When I started yours2share, I didn’t realise that I was starting a social enterprise, I just wanted to help people share stuff. As the number of private syndicates that were helped by yours2share increased, I also became aware that if as the number of partners in a private syndicates increases substantially, it becomes a co-operative.
Over time yours2share has created a well established forum for people sharing property, boats and aircraft. It also enables people to share land, gardens and allotments, for food and vegetables as well as animals such as hens, goats, horses, and bees. We’ve also helped people to share cars as informal car clubs: buying a car between three and six people in a street or village. The principles of sharing, the issues that must be agreed to make a sharing arrangment work are basically the same, whether you are sharing a £1 million yacht or a vegetable plot at the end of the garden.
The last year I moved to a small town in south Norfolk, a rural corner of East Anglia and I’ve become immersed in a rural lifestyle and economy. Over the last few weeks, I’ve been using the social networks much more, particularly Twitter, and all of the strands of yours2share and my lives, seem to have come together in the guise of the Plunkett Foundation and various projects in which it is involved.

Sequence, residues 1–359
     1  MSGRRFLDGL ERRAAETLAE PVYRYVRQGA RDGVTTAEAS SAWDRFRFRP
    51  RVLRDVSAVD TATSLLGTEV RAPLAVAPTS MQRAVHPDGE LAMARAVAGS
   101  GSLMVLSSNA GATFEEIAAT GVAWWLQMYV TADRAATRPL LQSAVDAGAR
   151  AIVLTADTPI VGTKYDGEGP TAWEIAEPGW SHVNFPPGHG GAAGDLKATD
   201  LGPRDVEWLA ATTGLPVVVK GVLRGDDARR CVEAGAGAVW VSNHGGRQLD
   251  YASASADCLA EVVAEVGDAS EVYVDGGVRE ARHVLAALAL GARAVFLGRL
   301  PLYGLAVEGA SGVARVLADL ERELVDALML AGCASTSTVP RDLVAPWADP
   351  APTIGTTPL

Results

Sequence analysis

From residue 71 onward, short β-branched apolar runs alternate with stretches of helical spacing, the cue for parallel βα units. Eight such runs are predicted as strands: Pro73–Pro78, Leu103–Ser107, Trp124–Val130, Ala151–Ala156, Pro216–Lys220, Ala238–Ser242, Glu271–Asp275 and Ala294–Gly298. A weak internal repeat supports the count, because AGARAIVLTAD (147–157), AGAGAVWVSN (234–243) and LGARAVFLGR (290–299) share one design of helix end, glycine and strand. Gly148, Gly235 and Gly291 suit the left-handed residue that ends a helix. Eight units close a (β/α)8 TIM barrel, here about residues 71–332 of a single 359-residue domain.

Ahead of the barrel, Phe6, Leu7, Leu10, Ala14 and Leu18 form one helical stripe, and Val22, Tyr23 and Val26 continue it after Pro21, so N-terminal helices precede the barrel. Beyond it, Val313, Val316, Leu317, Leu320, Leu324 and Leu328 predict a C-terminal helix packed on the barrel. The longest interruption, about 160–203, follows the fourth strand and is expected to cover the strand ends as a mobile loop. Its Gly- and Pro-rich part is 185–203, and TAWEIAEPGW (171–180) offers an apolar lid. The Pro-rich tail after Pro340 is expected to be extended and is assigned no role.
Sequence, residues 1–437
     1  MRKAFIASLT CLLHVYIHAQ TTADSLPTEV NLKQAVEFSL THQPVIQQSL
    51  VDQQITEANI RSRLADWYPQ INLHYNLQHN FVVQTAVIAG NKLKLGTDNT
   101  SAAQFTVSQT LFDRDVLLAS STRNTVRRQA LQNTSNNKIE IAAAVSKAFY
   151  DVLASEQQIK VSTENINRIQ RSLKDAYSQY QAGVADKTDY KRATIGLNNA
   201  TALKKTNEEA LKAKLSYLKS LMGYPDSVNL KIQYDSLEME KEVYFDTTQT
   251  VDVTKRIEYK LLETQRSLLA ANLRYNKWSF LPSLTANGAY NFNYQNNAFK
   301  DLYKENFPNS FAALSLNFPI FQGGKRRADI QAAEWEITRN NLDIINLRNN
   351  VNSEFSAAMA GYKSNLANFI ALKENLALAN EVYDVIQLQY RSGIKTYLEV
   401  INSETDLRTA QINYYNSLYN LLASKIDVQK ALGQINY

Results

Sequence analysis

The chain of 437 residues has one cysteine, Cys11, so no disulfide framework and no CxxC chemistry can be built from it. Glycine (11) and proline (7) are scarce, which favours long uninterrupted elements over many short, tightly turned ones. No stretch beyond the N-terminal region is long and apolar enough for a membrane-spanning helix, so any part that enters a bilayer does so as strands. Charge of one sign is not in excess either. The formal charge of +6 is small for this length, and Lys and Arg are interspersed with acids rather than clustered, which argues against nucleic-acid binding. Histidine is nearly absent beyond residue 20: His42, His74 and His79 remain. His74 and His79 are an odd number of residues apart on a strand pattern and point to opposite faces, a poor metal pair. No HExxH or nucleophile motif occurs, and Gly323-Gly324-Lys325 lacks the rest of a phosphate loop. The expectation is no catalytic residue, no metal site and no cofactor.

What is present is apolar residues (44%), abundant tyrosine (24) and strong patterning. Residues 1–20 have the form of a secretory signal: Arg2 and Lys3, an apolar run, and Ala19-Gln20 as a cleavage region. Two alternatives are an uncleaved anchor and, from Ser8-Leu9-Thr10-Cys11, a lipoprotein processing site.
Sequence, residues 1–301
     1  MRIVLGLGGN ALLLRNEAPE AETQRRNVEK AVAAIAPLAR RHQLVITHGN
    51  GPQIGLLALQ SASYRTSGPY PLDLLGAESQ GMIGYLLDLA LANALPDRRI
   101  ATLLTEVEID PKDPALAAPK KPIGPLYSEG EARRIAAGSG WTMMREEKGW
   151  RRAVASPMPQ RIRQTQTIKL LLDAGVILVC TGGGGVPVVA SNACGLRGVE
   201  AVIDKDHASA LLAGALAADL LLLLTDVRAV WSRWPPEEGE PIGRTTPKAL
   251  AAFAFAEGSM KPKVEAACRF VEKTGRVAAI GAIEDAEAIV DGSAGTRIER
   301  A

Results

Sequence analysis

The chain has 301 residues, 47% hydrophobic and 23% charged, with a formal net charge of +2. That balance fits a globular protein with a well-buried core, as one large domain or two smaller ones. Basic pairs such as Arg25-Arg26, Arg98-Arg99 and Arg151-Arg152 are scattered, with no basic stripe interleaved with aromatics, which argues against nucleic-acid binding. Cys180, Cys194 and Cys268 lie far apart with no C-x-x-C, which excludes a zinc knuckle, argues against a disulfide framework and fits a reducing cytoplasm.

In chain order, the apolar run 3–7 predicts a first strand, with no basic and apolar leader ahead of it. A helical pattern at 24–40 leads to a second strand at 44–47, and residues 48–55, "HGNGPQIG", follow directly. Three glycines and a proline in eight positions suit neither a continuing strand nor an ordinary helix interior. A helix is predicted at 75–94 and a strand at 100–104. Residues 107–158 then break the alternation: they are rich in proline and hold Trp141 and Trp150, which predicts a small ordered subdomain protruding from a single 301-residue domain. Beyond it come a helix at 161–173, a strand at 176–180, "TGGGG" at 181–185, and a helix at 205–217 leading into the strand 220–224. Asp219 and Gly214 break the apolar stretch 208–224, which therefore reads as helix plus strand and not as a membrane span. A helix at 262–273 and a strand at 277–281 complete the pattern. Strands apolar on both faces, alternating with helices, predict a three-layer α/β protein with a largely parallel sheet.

The Plunkett Foundation promotes and supports co-operatives and social enterprises in rural communities worldwide. One of the Plunkett Foundation’s projects is the lottery funded MakeLocalFoodWork, where it works with a range of other major partners including Co-operativesUK, the trade association for all types of co-operative enterprise throughout the UK, and the Soil Association which works to improve the public’s understanding of the impact of different methods of food production on health and the environment.
The MakeLocalFoodWork project is a collection of projects all designed to ‘reconnect people and land through local food increasing access to fresh, healthy, local food with clear, traceable origins’.
If you want to know more about supporting rural communities, do visit the Plunkett Foundation’s website, and if food issues interest you, have a look at the MakeLocalFoodWork website.
If you just want somewhere to “grow your own” or would like someone to help you to make use of your garden, here are yours2share’s landshare listings and landshare guidance.